It’s not just another typical winter. The U.S. and much of the northern hemisphere is experiencing increased cooling that is seen in record-breaking and record-setting new amounts of snow and ice. This is a trend tied to the Sun’s and the Earth’s cooling cycle.

That is of no concern to those who are using “global warming” and “climate change” in order to bring about a transformation in the global economic system from capitalism, the most effective creator of growth and wealth, to socialism, a pathetic, failed system of income redistribution controlled by a central government. Directed out of the United Nations, their absurd claims are supported by the media and many deluded politicians.

Is the U.S. government responding in a sensible way? No. When President Obama speaks of “climate change” he means “global warming.” The result over the past three decades has been the waste of billions for “research” and other schemes tied to this huge hoax.

Real climatologists, meteorologists, and scientists paying attention to both the past and to present events are forecasting more intense and longer winters—for now a Little Ice Age.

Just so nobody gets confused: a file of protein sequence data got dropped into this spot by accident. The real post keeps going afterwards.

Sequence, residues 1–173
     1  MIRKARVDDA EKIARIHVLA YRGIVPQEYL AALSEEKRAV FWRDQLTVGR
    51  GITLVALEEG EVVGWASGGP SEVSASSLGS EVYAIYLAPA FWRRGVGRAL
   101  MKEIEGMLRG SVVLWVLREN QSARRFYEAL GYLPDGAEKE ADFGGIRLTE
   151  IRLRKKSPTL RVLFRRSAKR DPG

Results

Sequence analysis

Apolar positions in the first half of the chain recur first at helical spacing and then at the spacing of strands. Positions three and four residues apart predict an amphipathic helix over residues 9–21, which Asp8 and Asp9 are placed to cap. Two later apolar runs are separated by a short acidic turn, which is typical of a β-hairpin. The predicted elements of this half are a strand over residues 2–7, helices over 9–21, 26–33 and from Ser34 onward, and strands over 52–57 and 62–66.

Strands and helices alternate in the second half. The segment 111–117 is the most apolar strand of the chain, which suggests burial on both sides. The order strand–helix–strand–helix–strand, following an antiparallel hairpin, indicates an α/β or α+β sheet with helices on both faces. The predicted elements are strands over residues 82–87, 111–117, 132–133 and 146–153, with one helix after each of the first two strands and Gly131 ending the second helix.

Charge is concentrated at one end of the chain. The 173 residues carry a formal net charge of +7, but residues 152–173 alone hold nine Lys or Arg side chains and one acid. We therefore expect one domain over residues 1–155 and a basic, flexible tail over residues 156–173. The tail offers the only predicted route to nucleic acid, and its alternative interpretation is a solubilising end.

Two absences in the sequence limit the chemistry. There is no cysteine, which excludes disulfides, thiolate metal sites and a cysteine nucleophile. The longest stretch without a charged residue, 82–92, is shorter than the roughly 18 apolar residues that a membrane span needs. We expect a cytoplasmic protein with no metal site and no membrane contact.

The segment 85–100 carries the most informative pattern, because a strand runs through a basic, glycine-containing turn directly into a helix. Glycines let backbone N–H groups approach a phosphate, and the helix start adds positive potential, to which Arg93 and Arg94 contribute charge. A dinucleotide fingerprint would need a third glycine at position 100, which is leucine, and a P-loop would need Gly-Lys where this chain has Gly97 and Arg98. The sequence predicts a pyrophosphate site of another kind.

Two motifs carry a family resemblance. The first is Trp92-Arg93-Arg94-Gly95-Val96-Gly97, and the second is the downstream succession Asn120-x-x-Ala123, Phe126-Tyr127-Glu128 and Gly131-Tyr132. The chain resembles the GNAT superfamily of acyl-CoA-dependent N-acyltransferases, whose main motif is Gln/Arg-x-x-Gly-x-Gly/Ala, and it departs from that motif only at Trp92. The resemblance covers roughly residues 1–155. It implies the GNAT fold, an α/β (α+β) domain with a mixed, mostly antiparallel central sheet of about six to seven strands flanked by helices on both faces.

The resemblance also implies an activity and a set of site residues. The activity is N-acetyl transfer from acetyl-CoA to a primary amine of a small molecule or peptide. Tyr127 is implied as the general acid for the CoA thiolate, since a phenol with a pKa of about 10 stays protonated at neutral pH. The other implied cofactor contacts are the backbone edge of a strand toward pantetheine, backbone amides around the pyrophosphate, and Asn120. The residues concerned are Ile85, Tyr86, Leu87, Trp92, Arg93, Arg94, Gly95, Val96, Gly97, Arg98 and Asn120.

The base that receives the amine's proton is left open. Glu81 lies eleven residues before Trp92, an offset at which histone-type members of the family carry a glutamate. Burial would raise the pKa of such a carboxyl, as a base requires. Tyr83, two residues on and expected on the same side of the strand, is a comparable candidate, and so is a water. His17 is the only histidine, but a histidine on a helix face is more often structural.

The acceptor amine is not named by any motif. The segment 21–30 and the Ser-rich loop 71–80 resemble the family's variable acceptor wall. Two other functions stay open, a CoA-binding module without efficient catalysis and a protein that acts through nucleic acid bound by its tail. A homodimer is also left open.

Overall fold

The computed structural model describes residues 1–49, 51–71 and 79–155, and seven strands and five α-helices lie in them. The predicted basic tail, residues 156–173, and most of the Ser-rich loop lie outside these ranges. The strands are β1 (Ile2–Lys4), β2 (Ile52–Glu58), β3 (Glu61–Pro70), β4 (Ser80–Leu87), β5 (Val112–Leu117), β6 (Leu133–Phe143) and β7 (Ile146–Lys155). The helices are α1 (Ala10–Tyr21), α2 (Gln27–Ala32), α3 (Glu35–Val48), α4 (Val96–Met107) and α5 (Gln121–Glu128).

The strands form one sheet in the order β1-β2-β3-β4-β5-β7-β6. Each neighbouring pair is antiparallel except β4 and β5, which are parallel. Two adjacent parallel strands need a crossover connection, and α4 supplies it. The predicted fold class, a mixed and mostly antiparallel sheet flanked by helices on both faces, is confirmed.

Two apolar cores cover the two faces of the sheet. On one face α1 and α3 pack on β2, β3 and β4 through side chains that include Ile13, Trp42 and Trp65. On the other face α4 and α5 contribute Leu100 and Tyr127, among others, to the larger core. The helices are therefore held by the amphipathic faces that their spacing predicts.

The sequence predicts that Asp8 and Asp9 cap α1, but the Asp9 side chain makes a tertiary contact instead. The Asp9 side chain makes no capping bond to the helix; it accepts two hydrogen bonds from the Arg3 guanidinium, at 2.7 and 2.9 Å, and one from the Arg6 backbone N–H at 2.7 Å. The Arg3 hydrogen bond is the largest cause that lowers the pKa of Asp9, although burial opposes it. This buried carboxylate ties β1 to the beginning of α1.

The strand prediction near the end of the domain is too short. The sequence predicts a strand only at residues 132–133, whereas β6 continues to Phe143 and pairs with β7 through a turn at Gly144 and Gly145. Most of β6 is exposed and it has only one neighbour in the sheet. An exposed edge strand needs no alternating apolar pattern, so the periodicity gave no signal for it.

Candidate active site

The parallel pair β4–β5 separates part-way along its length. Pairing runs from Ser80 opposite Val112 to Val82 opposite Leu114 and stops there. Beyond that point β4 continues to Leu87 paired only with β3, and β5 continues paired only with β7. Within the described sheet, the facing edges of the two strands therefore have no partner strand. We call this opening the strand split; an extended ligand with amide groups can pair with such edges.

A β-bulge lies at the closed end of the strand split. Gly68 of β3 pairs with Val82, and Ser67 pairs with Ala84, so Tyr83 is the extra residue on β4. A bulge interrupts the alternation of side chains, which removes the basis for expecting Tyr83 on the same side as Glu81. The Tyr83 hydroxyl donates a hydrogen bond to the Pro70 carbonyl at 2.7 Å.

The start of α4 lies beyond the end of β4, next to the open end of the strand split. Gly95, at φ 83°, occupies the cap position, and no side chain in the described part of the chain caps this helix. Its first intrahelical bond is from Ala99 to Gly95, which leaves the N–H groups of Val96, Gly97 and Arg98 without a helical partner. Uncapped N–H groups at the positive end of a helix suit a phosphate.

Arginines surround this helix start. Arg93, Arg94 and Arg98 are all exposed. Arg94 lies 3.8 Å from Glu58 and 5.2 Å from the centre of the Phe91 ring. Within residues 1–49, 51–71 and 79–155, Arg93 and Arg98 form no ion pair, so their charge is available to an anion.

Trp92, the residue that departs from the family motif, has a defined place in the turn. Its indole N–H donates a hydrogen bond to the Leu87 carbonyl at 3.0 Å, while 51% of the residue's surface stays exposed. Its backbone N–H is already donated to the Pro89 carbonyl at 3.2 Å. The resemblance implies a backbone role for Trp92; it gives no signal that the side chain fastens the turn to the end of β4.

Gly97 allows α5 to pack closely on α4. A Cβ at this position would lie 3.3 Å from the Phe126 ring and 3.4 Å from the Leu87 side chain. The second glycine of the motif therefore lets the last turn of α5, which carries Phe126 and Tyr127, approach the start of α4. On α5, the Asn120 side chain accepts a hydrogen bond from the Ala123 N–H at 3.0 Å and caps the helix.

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  • Avatar

    Pericles Xanthippou

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    A particularly good one this: read and inwardly digest.

    Those of us accustomed to relying on reticulated electricity and gas might be about to find out how delicately balanced our lifestyle is in the face of the actions of crooked or — to put it charitably — misguided politicians.

    ΠΞ

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  • Avatar

    Mark Stoval

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    Great post. I could not agree more.

    Love the blog by the way.

    ~ Mark

    Reply

  • Avatar

    Dan Pangburn

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    Unfortunately for humanity, the increasing CO2 level won’t even slow the coming glaciation. The good news is that it will come on really slowly (approx 0.1 to 0.2 K per decade) because of the huge thermal capacitance of the oceans.

    A simple proof that change to the level of atmospheric carbon dioxide (CO2) does not cause climate change has been hiding in plain sight. Here it is:

    CO2 has been considered to be a forcing. For a unit area, the units of a forcing are Joules/sec. Energy change for that same unit area has units Joules. Average forcing times duration equals energy change (analogous to average speed times duration equals distance traveled). Energy change divided by effective thermal capacitance is temperature change. Thus equivalently, the appropriate scale factor times the time-integral of the CO2 level would produce the average global temperature (AGT) change attributable to the CO2 change.